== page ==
Let me start off by saying that I have the best fourth graders in the world. These kids are intelligent, inquisitive, creative, caring, ambitious -- pretty much an ideal class. You should hear them when they talk, telling all their family's business and dreaming about their future. It chokes me up thinking about how amazing these kids are.
I remember being a young child playing school with my sisters and cousins, pretending that the kitchen was the cafeteria and my plate was a school tray. I remember reading high school books that teenagers would "forget" in the front yard. I remember helping my teacher grade papers and didn't care about the "teacher's pet" label.
Although I love teaching, my amazing fourth grade TEAM (I love those ladies), and coming up with creative solutions for a 21st century classroom, I do experience challenges like everyone else. Yes, I get the occasional disrespect, PAPER WORK (and tons of it), test stress, micro-management, and "interesting" co-workers. But of all those things, there's only one that conflicts with my soul:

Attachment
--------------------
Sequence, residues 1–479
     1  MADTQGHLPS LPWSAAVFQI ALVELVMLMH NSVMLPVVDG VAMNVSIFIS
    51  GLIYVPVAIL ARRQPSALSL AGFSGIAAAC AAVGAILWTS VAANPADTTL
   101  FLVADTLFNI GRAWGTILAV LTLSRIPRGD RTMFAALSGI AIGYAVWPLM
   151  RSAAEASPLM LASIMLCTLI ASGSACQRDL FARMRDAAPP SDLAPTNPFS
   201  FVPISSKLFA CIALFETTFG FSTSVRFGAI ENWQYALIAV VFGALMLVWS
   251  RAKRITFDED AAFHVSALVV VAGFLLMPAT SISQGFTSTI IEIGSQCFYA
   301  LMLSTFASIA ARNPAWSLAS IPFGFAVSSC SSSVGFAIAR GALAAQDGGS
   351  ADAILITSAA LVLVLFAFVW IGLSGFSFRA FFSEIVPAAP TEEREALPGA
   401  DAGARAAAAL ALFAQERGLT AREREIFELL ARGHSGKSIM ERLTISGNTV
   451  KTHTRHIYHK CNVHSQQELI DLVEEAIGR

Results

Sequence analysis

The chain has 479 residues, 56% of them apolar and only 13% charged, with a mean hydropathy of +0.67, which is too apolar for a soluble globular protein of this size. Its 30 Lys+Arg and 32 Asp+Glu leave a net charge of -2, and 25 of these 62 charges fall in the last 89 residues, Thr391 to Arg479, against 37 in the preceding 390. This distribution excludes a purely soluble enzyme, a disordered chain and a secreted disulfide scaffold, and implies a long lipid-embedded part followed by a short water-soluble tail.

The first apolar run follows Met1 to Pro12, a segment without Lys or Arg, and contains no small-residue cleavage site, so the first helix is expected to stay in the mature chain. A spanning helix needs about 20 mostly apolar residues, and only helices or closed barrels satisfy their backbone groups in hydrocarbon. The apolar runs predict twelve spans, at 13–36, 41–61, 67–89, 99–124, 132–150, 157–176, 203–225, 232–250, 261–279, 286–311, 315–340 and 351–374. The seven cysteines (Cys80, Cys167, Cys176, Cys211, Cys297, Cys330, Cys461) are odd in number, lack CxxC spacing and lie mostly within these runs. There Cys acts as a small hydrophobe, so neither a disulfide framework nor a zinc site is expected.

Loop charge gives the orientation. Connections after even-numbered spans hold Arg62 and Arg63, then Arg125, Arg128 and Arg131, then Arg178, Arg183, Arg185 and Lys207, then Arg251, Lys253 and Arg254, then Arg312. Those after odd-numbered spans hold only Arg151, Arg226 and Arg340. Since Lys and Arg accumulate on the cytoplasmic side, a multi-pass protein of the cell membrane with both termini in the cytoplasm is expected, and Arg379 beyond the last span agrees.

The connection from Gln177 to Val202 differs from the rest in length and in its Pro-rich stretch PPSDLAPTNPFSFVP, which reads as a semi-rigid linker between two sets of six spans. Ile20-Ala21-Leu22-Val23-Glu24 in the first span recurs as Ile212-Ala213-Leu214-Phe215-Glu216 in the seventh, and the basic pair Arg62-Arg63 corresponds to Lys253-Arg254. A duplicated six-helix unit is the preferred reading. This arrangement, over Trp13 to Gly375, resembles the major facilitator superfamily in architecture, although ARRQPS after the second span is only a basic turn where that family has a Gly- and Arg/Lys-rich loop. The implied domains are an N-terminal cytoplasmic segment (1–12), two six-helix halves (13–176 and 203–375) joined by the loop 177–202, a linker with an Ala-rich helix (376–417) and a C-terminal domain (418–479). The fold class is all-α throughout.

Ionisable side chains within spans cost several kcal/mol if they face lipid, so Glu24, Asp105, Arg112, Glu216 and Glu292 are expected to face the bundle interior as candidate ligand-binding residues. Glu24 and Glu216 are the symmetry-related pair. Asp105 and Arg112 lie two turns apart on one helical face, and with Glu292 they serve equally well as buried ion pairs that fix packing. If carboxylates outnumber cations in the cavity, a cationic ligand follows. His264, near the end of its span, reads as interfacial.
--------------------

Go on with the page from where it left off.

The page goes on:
My dreams of being a full-time creative writing entrepreneur.
Before I started "playing school" I was a little girl immersed in books. The moment I found out how to read them, I wanted to write them. And, I still do. I want to write series and series of books featuring characters that aren't normally found on bookshelves.
Most of all, I really want to write books for the kids in my classroom. I had a student ask me to write a mystery series because she loves mysteries but couldn't relate to any from the library. I told her I was on the case.
Through all of that ambition, I still find my endeavors challenging. My job is not a 7-3, go to school and come home type of gig like people think. It's not a September through June job with two months off in the summer. My job -- for those that are dedicated -- is around the clock, summers full of conferences, various training, and preparation for the following year. The nights consist of detailed lesson planning, grading papers, and creating projects for the students. It's not as easy as people think, neither is coming home from a full-time job, working on your dream part-time.